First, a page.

|Publication number||US6435305 B1|
|Application number||US 09/087,775|
|Publication date||Aug 20, 2002|
|Filing date||May 29, 1998|
|Priority date||May 29, 1998|
|Publication number||087775, 09087775, US 6435305 B1, US 6435305B1, US-B1-6435305, US6435305 B1, US6435305B1|
|Inventors||Eric A. Ward|
|Original Assignee||Meco Corporation|
|Export Citation||BiBTeX, EndNote, RefMan|
|Patent Citations (28), Referenced by (2), Classifications (9), Legal Events (4)|
|External Links: USPTO, USPTO Assignment, Espacenet|
The present invention relates to step stools and more specifically to stackable step stools. The design of the stackable step stools permits such stackable step stools to be stacked one on top of another to preserve floor space and increase the stability of the stacked objects.
Stores typically stock products on shelves. If products cannot fit on shelves, a store may display those products on the floor. Products like chairs, tables, and stools typically cannot fit on shelves and therefore require floor space for display. Unfortunately, floor displayed products take a large amount of precious floor space which in turn limits the amount of floor space for other products. To combat this problem, some stores will only display a single floor model while other stores may display a very limited quantity of the product.
By displaying only a single floor model, customers may not be able to locate the single floor model. Once a customer locates the floor model, the customer must then find a worker to retrieve the desired product. In some cases, the product may be out of stock or the store may not have the desired quantity of the product in stock. All of these factors can lead to frustration for a customer. As a result, the store may lose a sale because the customer chooses to go to another store or the manufacturer may lose a sale because the customer chooses to purchase a similar product sold by a competitor.
Limiting the supply of a product being displayed also causes problems. For instance, if a customer buys the last product on display, the next customer may not be aware that the store sells that product. As a result, the store or manufacturer may lose a sale. If a customer wishes to buy a larger quantity than is displayed, the customer may choose to purchase a similar product sold by a competitor or go to another store to purchase the same product. Both of these examples demonstrate how a limited floor display can cost either the store or manufacturer money due to lost sales.
One viable option to overcome these problems is for manufactures to sell products that are stackable. By stacking the product, the manufacturer can ship more products because the products require less shipping space than if the products are shipped in stacks. By stacking the product, stores are able to display a larger supply of the product yet still save precious floor space.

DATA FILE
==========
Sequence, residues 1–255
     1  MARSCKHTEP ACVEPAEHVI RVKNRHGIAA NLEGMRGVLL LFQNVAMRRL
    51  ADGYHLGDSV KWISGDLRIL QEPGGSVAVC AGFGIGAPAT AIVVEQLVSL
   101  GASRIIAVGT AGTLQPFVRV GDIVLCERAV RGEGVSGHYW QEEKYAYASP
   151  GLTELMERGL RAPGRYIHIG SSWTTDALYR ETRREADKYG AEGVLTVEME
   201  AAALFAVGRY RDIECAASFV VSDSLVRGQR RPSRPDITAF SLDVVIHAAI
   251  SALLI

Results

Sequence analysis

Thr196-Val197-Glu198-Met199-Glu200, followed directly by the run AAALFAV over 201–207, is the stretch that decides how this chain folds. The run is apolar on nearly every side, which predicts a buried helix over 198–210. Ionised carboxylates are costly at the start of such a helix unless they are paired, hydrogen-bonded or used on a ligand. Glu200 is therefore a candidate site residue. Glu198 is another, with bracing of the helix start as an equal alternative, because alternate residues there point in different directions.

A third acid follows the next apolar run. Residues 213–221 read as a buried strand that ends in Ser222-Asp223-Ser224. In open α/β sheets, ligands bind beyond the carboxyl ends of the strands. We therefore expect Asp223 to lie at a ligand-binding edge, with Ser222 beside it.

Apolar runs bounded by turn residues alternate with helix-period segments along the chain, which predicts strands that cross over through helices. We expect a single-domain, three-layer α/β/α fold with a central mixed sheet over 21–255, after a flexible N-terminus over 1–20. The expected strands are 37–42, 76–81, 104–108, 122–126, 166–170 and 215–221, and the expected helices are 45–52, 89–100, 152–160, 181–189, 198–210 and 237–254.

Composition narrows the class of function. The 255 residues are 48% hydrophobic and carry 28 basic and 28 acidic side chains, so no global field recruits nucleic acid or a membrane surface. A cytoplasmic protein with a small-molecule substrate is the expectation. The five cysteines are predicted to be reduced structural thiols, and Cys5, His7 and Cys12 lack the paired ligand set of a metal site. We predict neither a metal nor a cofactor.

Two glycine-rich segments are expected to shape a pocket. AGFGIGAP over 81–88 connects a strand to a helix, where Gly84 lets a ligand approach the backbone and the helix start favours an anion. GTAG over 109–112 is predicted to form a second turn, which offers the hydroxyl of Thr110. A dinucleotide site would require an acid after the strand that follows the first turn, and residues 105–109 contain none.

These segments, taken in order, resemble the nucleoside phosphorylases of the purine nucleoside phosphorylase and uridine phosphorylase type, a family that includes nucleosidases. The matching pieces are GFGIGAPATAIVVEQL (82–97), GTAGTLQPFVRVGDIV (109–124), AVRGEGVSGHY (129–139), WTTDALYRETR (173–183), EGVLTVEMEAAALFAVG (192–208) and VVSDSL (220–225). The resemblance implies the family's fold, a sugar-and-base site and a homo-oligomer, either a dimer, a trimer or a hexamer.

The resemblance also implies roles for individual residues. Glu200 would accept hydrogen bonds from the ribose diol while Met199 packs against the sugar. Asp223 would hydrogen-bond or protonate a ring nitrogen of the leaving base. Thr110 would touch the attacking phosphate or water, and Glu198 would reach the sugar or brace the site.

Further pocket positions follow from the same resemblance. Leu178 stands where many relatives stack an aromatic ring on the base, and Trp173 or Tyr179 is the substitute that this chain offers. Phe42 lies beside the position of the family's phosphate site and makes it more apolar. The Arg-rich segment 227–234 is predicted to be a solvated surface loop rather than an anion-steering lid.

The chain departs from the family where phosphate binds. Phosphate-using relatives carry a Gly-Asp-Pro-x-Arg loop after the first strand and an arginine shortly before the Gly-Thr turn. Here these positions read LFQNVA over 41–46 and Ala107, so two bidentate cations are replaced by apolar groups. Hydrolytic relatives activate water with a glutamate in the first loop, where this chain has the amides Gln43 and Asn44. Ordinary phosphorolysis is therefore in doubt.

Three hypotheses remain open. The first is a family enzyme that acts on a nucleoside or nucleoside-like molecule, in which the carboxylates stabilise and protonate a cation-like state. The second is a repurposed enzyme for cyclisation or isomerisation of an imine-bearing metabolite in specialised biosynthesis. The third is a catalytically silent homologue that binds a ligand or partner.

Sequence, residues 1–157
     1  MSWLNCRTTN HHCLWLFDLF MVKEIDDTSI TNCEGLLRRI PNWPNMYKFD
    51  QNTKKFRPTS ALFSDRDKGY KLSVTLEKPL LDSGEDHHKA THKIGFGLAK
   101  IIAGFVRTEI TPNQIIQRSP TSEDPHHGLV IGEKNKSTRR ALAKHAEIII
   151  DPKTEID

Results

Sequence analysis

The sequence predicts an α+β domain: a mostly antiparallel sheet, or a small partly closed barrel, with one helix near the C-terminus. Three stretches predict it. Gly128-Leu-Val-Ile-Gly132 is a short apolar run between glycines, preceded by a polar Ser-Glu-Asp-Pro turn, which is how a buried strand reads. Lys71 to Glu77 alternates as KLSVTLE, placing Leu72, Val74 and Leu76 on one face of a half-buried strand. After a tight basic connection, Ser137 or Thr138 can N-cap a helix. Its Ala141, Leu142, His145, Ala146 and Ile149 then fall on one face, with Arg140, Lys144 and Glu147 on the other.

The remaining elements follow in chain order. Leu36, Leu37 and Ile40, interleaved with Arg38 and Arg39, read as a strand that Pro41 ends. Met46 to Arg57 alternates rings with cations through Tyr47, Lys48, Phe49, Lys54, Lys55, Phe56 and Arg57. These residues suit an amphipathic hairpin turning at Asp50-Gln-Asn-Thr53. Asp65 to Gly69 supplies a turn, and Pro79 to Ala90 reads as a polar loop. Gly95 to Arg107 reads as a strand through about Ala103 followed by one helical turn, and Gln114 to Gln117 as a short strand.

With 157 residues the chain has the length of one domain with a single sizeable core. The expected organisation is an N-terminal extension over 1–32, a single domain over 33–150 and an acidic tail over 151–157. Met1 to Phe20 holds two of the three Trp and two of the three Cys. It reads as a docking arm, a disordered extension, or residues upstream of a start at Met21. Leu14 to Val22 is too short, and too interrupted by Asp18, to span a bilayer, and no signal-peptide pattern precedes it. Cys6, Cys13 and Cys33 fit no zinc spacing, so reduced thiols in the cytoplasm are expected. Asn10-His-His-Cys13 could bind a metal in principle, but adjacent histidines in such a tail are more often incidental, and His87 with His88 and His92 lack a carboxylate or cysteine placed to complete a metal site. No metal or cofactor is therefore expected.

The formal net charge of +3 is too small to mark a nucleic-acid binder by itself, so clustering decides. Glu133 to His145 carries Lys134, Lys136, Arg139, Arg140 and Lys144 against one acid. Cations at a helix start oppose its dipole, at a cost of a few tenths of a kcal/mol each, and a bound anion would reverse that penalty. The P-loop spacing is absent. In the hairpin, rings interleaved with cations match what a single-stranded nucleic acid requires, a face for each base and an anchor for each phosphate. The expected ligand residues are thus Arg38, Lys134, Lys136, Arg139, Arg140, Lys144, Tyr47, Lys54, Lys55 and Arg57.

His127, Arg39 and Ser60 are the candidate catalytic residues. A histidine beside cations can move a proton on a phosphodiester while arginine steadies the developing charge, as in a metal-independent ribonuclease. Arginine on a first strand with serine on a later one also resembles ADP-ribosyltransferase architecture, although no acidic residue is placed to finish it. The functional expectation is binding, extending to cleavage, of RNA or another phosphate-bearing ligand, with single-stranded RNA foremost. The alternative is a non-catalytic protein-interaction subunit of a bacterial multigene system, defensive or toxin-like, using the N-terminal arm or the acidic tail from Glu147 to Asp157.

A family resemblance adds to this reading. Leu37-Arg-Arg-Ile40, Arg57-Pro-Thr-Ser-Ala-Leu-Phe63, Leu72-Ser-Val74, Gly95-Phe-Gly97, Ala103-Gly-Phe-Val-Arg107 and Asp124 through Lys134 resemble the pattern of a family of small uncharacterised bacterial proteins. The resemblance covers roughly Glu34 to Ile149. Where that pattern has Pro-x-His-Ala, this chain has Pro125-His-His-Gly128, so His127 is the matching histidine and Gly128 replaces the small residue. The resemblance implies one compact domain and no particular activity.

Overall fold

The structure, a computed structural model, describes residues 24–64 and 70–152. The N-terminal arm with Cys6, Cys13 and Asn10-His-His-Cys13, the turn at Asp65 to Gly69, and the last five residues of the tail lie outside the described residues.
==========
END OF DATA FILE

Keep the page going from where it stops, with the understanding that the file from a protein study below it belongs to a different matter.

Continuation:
Simply stacking items does not solve all of these problems, especially since manufacturers have been making stackable chairs and tables for years. Manufacturers typically make stackable products that still require a large amount of floor space because the stacks extend outwardly in one direction. Not only do the stacked items require additional floor space, but the stack becomes unstable and therefore unsafe if the stack keeps extending outwardly in one direction. As the stack becomes higher, the center of gravity for the stack keeps shifting in one direction, until the stack simply topples over.
An example of a stackable item which extends outwardly in one direction when stacked are the chairs shown in U.S. Pat. No. 3,316,016 to Petersen. A first chair is placed on the ground with additional chairs being placed on top of a lower chair with each chair extending the stack of chairs further out. The stack of chairs reaches a point where additional chairs can no longer be stacked on top because the stack will topple over.
The same problem occurs with tables or platform stages, as shown in U.S. Pat. Nos. 2,842,412 and 2,833,607, respectively, both to Mackintosh. Both of these inventions involve stackable items. However, in order to stack these items, the items are designed having trapezoidal shaped platforms to allow the tables and platforms to be stacked on top of each other. Again, the same stability problem is encountered since the stackable items extend outwardly creating unsafe stacks as well as requiring additional floor space.